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Question by blake425. Uploaded on August 03, 2009
It has to do with the calibers and how long they are. I don't know all of the calibers and what classification they fall into, but for example, a .223 or .22-250 rifle is a short action and a .30-06 or a 7mm Rem Mag. is a long action. It basically has to do with how long the round is that is being shot. So .30-06 is definitely longer than a .223 and so on. I don't know what the cut off point is between long and short action though. Hope this helps.
The length of the action is the difference. The short action is based on supporting at a maximum the overall length of the .308 Winchester cartrige and it will support all cartriges of that length and shorter. The heavier and longer "long action" supports cartriges the length of the .30-06. There is another classification as well and that is the magnum action length based on cartiges the length of the .375 H&H and above. Each larger action is bigger and heavier to carry as well as being longer. Therefore many hunters prefer the small action size so that their rifle can be lighter to carry. If they choose a magnum length, they get a very heavy rifle to carry.
Excellent description Dakota!
DakotaMan has covered it well, but I'll add a little background. Years ago, before USRAC made two action lengths, the Winchester Model 70 Target in .30-'06 was an excellent choice for the rifle range, but the height of absurdity was to see this same action used for the .223. It was a waste of metal and weight.
At that time, Sako made four bolt action lengths: the Vixen for .222 Rem., .222 Rem Mag, and .223; the Forester for "medium" length cartridges such as the ..22-250, .243, .308,etc. They made a standard length action, the FinnWolf for the .270, .30-'06 and others, and they offered a Magnum action for larger base diameters and longer than standard cartridges like the 7mm Rem Mag, .300 Win Mag and others. That made perfect sense! Sakos were comparatively expensive but beautifully made. I relied on the .222, .22-250 and .243 so my purchases were small and medium actions, which were trim and properly proportioned for the cartridges I used.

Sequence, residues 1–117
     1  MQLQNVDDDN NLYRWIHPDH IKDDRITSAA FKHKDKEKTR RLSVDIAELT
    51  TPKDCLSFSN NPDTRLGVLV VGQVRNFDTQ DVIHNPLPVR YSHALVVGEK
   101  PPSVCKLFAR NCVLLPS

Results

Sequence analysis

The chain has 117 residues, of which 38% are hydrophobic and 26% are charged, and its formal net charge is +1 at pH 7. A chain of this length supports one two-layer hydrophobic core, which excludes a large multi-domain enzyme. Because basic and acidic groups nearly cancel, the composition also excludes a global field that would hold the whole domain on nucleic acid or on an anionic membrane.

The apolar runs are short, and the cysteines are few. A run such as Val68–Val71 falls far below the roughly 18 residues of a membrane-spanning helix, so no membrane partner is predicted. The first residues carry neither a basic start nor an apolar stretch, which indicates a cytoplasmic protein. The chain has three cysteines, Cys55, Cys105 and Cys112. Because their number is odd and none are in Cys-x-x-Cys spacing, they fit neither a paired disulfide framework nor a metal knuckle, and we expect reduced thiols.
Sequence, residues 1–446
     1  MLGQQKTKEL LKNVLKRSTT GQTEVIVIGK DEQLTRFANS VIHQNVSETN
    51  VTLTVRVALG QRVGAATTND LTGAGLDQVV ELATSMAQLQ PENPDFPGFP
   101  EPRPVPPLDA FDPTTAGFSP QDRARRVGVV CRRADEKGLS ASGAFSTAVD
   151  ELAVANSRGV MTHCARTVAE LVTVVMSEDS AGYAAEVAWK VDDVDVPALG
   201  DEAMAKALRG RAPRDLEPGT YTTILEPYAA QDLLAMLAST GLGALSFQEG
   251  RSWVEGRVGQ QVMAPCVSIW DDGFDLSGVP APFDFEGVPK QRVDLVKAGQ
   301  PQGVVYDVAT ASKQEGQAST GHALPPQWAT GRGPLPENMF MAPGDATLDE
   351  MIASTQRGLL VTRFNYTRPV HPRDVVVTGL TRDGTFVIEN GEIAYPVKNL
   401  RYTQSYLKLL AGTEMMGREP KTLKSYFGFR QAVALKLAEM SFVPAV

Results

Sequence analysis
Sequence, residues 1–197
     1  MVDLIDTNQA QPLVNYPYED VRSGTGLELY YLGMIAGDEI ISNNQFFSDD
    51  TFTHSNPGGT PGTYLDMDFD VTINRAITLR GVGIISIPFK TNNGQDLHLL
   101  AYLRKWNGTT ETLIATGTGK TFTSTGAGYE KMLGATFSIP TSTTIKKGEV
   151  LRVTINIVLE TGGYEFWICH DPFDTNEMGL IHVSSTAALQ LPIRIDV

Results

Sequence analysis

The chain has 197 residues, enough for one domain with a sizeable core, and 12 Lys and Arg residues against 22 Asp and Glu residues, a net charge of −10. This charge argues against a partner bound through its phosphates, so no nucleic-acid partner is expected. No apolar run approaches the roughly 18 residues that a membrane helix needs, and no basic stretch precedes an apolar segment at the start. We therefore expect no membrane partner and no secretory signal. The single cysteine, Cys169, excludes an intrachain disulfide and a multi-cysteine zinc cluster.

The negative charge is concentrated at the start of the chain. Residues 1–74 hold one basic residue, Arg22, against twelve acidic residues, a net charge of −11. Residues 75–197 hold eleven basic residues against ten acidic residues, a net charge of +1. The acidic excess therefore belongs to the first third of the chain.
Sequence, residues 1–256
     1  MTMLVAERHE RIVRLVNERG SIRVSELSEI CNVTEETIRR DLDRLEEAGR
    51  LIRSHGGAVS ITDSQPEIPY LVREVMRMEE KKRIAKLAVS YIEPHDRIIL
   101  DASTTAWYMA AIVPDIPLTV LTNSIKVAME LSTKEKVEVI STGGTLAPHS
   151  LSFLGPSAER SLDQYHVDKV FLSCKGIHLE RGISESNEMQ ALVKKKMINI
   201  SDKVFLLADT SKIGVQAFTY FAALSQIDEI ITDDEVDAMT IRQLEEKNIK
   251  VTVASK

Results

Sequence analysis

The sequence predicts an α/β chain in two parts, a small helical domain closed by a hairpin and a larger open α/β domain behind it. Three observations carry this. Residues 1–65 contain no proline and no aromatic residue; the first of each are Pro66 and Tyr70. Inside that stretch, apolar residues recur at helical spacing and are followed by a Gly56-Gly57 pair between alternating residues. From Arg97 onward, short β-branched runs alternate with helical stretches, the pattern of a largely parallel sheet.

The shorter cartridges should not require a long bolt throw. It makes no practical sense. You want an action that's properly proportioned for the cartridge you're using. Excess weight is dead weight. I'm willing carry a heavy-barreled varminter to fire from a stand or blind, but I don't attach a brick to the front swivel; it's not contributory weight. Any metal on a rifle has to justify its weight or mass.
In Benchrest competition, which has been a trendsetter and a laboratory for shooting concepts, you are limited to 10.5 lbs for Light Varmint and Hunter class, and 13.5 lbs for Heavy Varmint class. Every ounce counts.
Tooling is very expensive and every production step adds cost (which is understandably passed on to the consumer). The design and production of a shorter bolt action is a major undertaking. Those manufacturers who produce a long and short action can justify it on the basis of a practical market. Those who take it a step further and offer an even better proportioned action for the .222/.223 family of cartridges will find a receptive market among those who specialize in these cartridges, but rifles like the Sako Vixen, the Kimber 84, the Cooper Model 21 and Model 38, the Mini-Mauser, and others are frequently prized by their owners for the best of reasons.
Well let me see. Hmm, the difference between "LONG" and "SHORT"? Well the length is the difference just like Dakota said. Short actions are usually from 223 to 308 caliber. Long actions are usually from 30-06 (or slightly shorter) length cartrdiges to something like 7mm Rem Mag. Next is the "Magnum". This is usually from 416 Rigby stile lengths to something like 458 Boss.
Thank you. This is another of those "I always thought I had it right but didn't want to look too dumb to ask" questions. I never really thought about the cutoff point.
As Edward J implied - long is aka standard.
long action is refering to how far the bolt has to move in order to eject/load the next shell the long action is a longer shell, the short is a fatter cartridge both have the same amount of powder in them but the short action is supposed to have a faster muzzle speed cause the powder takes less time to burn when fired
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